figure 1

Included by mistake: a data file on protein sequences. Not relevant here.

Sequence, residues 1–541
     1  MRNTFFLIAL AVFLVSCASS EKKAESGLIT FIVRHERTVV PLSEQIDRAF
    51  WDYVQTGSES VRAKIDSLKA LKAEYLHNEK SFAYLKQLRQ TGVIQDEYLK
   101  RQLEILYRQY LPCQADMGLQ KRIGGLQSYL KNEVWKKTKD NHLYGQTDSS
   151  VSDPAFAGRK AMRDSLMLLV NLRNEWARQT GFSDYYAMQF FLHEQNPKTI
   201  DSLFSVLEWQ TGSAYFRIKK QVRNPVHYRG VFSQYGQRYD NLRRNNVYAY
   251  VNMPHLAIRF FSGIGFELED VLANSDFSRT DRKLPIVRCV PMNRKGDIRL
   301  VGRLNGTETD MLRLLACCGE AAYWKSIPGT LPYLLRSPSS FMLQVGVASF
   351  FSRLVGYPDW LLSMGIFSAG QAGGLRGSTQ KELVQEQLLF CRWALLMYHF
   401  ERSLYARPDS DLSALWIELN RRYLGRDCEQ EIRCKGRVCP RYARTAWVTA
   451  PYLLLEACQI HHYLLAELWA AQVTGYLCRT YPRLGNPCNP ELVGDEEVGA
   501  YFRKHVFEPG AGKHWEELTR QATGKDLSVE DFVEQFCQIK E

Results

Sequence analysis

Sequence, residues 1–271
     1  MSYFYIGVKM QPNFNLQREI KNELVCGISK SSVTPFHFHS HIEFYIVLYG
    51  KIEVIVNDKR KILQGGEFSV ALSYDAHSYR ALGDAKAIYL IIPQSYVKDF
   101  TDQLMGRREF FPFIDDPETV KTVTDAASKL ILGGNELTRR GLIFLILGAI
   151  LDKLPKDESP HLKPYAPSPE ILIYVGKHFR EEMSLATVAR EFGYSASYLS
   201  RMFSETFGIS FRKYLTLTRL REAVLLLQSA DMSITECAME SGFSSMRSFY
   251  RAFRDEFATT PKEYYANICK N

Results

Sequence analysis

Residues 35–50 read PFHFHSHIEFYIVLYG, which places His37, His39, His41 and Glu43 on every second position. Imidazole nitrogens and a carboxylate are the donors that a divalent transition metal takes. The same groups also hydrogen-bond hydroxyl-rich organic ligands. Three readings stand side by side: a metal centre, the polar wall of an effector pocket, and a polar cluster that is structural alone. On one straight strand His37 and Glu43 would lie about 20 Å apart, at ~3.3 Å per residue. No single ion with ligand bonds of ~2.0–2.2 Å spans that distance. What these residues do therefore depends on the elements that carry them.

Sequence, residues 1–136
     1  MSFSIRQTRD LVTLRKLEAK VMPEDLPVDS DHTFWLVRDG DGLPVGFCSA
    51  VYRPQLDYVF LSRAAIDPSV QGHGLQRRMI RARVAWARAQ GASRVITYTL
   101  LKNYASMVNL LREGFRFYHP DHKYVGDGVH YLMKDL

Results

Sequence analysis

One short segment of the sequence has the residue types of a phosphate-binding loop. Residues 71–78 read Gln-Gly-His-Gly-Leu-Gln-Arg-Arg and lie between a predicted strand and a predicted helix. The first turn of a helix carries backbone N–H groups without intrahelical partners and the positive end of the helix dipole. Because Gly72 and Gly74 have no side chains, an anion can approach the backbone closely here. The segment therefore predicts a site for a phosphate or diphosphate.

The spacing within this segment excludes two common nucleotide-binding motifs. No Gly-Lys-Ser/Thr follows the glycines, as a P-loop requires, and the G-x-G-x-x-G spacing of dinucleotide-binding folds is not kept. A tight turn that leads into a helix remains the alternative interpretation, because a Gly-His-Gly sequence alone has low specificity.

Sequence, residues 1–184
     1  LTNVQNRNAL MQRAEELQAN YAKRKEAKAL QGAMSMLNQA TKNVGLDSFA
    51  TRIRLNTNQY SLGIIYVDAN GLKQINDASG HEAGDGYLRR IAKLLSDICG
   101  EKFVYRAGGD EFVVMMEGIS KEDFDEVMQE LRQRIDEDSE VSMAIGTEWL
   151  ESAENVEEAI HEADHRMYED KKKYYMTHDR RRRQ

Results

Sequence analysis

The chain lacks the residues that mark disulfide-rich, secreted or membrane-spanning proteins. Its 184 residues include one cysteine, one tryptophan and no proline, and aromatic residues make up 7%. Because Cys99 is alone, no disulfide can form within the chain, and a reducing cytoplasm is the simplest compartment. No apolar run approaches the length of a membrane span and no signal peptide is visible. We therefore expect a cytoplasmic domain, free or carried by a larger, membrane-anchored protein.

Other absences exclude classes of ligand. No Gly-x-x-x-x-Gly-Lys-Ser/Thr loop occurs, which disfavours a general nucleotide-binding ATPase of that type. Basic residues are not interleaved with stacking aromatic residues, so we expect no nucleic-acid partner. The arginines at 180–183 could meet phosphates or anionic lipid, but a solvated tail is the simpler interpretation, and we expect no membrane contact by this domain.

a Block diagram showing system architecture of integrated components operated by a LabVIEW-based controller. The critical components include: high-pressure pump, polished microcapillary jet nozzle, fraction collector (FC), wavelength-specific LED, filters (excitation and emission), dichroic mirror, objective lens, a photomultiplier tube (PMT), data acquisition (DAQ), and imaging camera (Cam). b Computer-aided design of the physical setup at the beamline showing critical modules and components–beam alignment module (BAM), liquid jet module (LJM), fluorescence imaging module (FIM), and laser assisted pre-alignment unit (LAPU). c Top view of the instrument assembly, which is under operation at the beamline 5.3.1 at the Advanced Light Source. Original photograph taken by author S. Gupta. d Side view of the instrument showing how the LAPU assists in focusing the microfocused X-rays on the sample before the Alexa fluorescence data collection by the FIM. e, f Position of microfocused X-ray beam, and fluorescence excitation on the path of a 75 μm liquid jet captured by the BAM at low magnification. Original photograph taken by author S. Gupta. g X-ray beam size was determined from the image analysis using ImageJ ( h Camera inline view of fluorescence emitted from the 75 μm sample jet capture by the FIM during automated Alexa DR analysis (Fig. 3). i Camera inline view of a visible image of 75 μm sample jet captured by the FIM during sample exposure.